A doctoral degree in School Psychology prepares graduates for professional work as psychologists in academic and non-academic positions.

To apply for this program, please see the Graduate Admissions page.

Learn more about the School Psychology program:
Student Admissions, Outcomes, and Other Data

For more information about APA program accreditation, contact:

Office of Program Consultation and Accreditation
American Psychological Association

750 1st Street
NE Washington, DC 20002
Phone: (202) 336-5979

Financial Assistance

Doctoral Student Tuition Fellowship (DSTF)

The Graduate Tuition Fellowship (GTF) provides tuition remission for 9 credit hours to eligible graduate students. This program does not cover mandatory fees or course fees. In order to qualify for a GTF a student must be enrolled in at least 9 credit hours and hold a half-time graduate appointment (20 hour) that pays a minimum monthly rate (established each semester) which begins at $1061/month for 2011-2012 plus a $150/month additional stipend that may be used to offset health insurance costs or for other purposes. The graduate appointment must hold one or more of the following titles: Teaching Assistant (TA), Teaching Fellow (TF), Instructional Assistant (IA), Research Assistant (RA) or Graduate Assistant (GA).

Presidential/Cullen/Ehrhardt Fellowships

A limited number of Presidential/Cullen/Ehrhardt Fellowships are available for outstanding students who are entering graduate or professional programs at the University of Houston. Preference is given to those whose degree objective is the doctorate. The potential for academic excellence is the main criterion for selection. Students must meet minimum full-time enrollment (9hrs) and 3.0 GPA to maintain the Fellowship each semester.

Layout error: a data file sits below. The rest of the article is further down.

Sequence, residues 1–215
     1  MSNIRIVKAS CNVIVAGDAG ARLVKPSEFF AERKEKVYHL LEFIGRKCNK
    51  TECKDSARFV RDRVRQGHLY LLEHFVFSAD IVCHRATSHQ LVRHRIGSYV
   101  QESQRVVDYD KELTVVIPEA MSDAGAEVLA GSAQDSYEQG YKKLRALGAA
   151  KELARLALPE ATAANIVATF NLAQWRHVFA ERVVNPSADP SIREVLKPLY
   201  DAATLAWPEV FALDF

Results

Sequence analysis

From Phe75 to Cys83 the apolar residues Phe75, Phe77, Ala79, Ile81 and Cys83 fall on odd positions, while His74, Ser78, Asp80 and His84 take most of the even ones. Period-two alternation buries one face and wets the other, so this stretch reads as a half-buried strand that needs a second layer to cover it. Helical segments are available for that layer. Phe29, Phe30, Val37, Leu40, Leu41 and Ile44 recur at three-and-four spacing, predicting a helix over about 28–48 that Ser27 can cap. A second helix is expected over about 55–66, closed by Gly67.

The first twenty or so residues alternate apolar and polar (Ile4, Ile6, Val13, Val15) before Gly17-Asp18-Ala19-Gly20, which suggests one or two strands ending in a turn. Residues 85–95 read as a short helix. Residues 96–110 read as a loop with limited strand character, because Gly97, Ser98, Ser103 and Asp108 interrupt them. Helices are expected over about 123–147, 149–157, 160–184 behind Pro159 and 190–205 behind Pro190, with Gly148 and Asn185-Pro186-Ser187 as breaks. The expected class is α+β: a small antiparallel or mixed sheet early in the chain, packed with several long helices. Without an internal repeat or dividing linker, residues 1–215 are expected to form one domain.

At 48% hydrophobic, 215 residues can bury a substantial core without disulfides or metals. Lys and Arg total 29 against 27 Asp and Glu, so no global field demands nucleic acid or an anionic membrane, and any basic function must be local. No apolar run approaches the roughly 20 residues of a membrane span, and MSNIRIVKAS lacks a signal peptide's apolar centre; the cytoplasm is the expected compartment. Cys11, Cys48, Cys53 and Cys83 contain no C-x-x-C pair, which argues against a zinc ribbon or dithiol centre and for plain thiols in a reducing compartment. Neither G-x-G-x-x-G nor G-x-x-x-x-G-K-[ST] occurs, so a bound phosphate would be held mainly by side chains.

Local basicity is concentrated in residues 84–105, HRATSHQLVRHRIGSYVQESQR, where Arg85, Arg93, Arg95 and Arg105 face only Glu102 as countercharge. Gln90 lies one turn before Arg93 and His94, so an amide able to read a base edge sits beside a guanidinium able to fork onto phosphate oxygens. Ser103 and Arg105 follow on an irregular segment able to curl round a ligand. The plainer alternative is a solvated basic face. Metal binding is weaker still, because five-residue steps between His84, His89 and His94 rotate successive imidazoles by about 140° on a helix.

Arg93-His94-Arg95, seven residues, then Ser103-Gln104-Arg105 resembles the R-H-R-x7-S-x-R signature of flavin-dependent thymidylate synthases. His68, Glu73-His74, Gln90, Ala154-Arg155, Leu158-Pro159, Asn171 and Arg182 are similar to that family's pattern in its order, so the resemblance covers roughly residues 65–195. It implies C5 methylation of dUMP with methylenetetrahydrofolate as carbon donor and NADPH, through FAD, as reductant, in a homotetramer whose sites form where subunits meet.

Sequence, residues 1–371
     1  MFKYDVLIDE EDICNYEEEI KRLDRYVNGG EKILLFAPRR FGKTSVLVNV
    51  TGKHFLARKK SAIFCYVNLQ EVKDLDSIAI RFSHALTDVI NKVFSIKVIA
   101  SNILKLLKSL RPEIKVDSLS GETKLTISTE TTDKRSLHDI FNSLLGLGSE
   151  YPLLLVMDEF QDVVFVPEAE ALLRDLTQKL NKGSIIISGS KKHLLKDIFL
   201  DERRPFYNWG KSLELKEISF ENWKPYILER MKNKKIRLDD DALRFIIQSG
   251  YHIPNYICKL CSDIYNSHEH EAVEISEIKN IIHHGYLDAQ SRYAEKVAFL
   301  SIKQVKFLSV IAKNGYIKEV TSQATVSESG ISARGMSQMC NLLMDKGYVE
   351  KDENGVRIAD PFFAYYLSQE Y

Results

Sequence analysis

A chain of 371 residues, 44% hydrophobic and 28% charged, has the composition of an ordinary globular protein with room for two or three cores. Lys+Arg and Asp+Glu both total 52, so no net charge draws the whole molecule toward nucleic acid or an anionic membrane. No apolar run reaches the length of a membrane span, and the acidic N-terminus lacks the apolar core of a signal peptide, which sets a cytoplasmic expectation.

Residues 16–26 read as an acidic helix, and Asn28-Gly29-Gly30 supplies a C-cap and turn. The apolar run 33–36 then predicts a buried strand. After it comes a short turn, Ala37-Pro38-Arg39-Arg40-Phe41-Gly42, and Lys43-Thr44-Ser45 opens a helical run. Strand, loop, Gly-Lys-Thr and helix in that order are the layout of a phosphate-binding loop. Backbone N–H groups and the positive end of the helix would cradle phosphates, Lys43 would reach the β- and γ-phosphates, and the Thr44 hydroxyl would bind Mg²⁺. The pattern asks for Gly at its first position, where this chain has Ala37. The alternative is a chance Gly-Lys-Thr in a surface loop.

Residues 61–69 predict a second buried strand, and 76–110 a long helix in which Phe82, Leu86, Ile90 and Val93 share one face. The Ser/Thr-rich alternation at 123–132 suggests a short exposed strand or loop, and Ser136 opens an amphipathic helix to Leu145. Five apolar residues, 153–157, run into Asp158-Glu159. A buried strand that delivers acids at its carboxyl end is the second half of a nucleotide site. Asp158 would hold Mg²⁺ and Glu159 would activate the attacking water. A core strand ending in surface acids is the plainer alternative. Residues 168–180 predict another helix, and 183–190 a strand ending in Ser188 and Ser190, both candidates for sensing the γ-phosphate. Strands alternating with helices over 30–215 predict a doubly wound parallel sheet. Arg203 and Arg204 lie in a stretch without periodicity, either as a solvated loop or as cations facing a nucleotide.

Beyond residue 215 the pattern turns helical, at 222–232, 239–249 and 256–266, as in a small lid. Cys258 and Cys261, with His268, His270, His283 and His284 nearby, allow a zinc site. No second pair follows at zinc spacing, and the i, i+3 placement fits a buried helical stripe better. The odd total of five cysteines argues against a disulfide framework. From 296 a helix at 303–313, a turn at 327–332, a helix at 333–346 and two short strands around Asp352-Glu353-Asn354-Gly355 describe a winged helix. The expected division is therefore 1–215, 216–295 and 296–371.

Outstanding applicants are nominated by program faculty and reviewed and awarded by the Dean of Graduate and Professional Studies. Typically the criteria utilized for these decisions focus on the prior educational attainment of the applicant, demonstrated interest in and preparation for the course of study, and evidence of the applicant’s ability to successfully matriculate in the program. These decisions, by their very nature, require a comprehensive review of multiple factors by the faculty charged with selecting students for admission and/or the awarding of competitive fellowships. The procedures utilized by the faculty to admit students and/or nominate them for competitive fellowships may differ, depending on the volume and quality of the applicants, the materials supplied by the applicants, recommendation letters and other factors the faculty consider to be appropriate.

Other Financial Assistance

In addition to the GTF and the Presidential Fellowship the Office of Graduate Studies as well as the Office of Scholarships and Financial Aid offers information concerning loans and other scholarships available for graduate students.  Additional information about fellowships, scholarships and loans can be found on the UH Graduate and Professional Studies website: